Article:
25. [...] set of white RepRap parts were created in molds, instead of being printed by another RepRap. [Mark A. Ganter] of the University of Washington [...]

  26. [...] set of white RepRap parts were created in molds, instead of being printed by another RepRap. [Mark A. Ganter] of the University of Washington [...]

  27. [...] Prusa Mendel and the Clonedels [...]

  28. [...] last but certainly not least we have a Mendel clone based on molded plastics from my own school, the University of Washington (okay I’m not in the ME department but I [...]

  29. Jens says:

    In response to 22) can you recommend any materials for mould and for casting? I’m in the UK, so I’ll have to look for different brands anyway, but it would be nice to have a starting point that I don’t go totally into the wrong direction with too soft or too brittle materials.

  30. admin says:

    Jens,

    We have been using and training students using Smooth-On products (for over 10 years) as they are reasonable safe and affordable. We are using Ooomoo 30 which is a thin 1:1 mix ratio silicone RTV. It has been mixed with a filler to reduce the cost (it is about $170 for two buckets of one gallon). A drawback in using filled Silicone RTV is the molds have a shorter useful life (generally less than one year) but in the RP/AM world things tend to change quickly. We’re on our third set of designs for molded parts. {there are ways to recycle old molds into new molds to reduce costs further.}

    For polyurethane, we are using either Smooth-Cast 300/305 or 325/326. It is again a 1:1 mix ratio polyurethane. Over the last few years the polymer industry has been working very hard on producing products that are 1:1 mix ratios by volume (because it helps people be successful with their products).

    This is a comment taken from the Hack-A-Day post on Clonedels and has information on European polymer brands.

    “If you are going to work with silicones or urethanes, this link is highly relevant and extremely useful:

    http://lcamtuf.coredump.cx/guerrilla_cnc1.shtml

    Posted at 9:21 am on Feb 18th, 2011 by CutThroughStuffGuy”

  31. [...] Thing-o-matic, one UP!, one Mendel, and one MENDEL XL. Come see what were working on like casting Clonedels and building custom CNC machines like the Mantis. Last month we got our CCCKC CNC operational! ! If [...]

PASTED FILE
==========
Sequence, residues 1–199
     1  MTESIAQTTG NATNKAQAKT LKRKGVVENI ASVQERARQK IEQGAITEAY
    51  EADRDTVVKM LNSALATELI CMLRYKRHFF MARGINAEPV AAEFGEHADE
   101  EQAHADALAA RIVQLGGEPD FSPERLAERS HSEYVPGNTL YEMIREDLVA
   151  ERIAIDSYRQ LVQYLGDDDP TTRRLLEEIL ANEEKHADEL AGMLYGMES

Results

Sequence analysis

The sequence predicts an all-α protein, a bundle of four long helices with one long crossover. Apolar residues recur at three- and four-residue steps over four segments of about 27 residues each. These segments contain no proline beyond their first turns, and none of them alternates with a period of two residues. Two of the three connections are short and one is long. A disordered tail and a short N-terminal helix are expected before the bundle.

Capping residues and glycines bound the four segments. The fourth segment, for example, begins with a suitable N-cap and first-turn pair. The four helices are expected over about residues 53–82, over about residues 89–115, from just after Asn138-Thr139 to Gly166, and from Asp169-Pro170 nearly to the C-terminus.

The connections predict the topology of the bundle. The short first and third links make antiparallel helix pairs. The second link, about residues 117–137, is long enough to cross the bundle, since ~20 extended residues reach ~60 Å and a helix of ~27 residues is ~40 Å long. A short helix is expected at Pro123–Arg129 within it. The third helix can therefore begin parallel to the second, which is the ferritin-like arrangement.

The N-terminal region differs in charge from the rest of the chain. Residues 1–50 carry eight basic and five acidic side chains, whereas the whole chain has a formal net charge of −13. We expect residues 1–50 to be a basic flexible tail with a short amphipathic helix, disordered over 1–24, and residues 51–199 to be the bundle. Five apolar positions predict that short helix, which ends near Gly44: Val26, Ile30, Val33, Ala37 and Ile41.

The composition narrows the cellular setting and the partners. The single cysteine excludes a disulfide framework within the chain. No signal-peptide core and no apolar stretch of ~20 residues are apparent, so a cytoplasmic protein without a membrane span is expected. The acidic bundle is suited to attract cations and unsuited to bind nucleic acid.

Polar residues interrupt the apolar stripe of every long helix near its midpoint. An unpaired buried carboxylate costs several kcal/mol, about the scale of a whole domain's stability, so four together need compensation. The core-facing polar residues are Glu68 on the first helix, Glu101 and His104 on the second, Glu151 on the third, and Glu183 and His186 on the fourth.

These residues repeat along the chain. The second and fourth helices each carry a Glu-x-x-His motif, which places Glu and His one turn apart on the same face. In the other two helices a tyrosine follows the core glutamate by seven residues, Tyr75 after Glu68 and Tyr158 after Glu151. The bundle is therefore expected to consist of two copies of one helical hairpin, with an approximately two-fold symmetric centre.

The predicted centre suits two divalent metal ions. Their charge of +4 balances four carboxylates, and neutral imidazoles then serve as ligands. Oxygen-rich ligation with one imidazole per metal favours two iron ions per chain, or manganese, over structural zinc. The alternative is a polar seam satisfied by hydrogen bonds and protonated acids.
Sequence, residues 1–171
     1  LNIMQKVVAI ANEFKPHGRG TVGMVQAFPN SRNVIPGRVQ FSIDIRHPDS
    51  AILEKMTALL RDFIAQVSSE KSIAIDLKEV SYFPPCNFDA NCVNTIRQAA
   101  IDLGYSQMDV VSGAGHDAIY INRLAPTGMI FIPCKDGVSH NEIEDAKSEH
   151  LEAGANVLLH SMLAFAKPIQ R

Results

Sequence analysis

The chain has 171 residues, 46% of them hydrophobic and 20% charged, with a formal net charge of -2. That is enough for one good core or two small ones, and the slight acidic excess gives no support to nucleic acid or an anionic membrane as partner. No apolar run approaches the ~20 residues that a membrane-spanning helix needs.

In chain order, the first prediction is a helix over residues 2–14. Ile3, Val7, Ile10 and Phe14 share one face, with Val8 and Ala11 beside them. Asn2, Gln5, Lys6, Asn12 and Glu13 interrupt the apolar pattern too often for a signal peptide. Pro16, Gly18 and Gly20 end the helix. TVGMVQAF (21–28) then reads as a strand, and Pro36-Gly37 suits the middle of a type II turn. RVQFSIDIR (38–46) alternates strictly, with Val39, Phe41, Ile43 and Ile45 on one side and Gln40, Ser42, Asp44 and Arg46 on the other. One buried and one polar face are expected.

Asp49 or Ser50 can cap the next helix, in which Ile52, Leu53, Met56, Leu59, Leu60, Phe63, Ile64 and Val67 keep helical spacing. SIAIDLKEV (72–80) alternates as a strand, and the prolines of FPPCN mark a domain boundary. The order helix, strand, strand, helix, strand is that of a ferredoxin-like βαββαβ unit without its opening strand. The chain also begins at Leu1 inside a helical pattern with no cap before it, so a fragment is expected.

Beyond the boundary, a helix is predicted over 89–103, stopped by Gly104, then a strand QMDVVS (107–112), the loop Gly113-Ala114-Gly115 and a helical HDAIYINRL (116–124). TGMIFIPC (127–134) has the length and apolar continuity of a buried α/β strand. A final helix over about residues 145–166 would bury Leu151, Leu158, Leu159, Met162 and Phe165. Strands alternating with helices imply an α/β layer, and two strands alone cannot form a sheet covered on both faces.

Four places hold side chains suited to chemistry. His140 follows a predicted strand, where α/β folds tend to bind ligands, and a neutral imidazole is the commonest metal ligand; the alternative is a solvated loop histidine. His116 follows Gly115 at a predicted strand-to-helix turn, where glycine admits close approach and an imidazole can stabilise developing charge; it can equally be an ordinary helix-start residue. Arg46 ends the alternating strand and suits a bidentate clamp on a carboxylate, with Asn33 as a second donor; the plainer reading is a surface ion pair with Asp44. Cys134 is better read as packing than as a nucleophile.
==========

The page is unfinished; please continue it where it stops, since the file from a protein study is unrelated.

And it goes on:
32. 3d visualisering says:

    I have been testing a 3-D printer at my work last week. Ours is like a CNC machine that writes its own programs based on drawings done in AutoDesk Inventor. That one prints in plastic. Architectural Drafting has one that prints things out of ceramic. Not quite sure how that one works though.

  33. Jens says:

    It’s probably a silly question, but what is the design behind the bushings? Are they a variation of the felt bushings, and are there any photos or documentation how they’re used?

  34. ganter says:

    Jens, we are working to make the info available. A plastic bushing is inserted into each cast holder. If you live in
    the states, you can order them from Lowe’s. The part number is #880442 (nylon spacer 0.45×0.325×27/64). The
    nylon spacers are 2 for $0.92. Sometimes Lowe’s has them in stock at each store in the special nuts/washer/etc
    drawer section.

  35. Jens says:

    I see… I didn’t find a direct match in the UK, so I’ll try something else.

  36. ganter says:

    Jens, strangely, we prefer this bushing for the 8 mm smooth rod. Basically, any nylon bushing with an 8 mm inside diameter should work.

    Perhaps:
    http://www.componentforce.co.u.....lon-bushes

  37. Jens says:

    ganter, I was going to try a bunch of spacers with a bigger outer diameter and a replacement holder. What do you think about cutting the bushings from nylon bar and drilling a hole?

  38. ganter says:

    Jens, that would be perfect substitute. You might try a bigger diameter PTFE and not even use the holder. Just hot melt glue or epoxy the
    bushing to the clonedel parts.

  39. [...] upcoming set of Reprap Prusa 3D printers that we’re going to make at Ace Monster Toys. “Clonedel” is what people have been calling the Reprap printers where the pieces normally made from [...]

  40. [...] of the time. He states that all of the plastic parts for a complete Prusa can be produced in under 30 minutes. You’ll still have to finish some parts with a drill press, but to have all the parts ready in [...]

Leave a Reply

WordPress Appliance - Powered by TurnKey Linux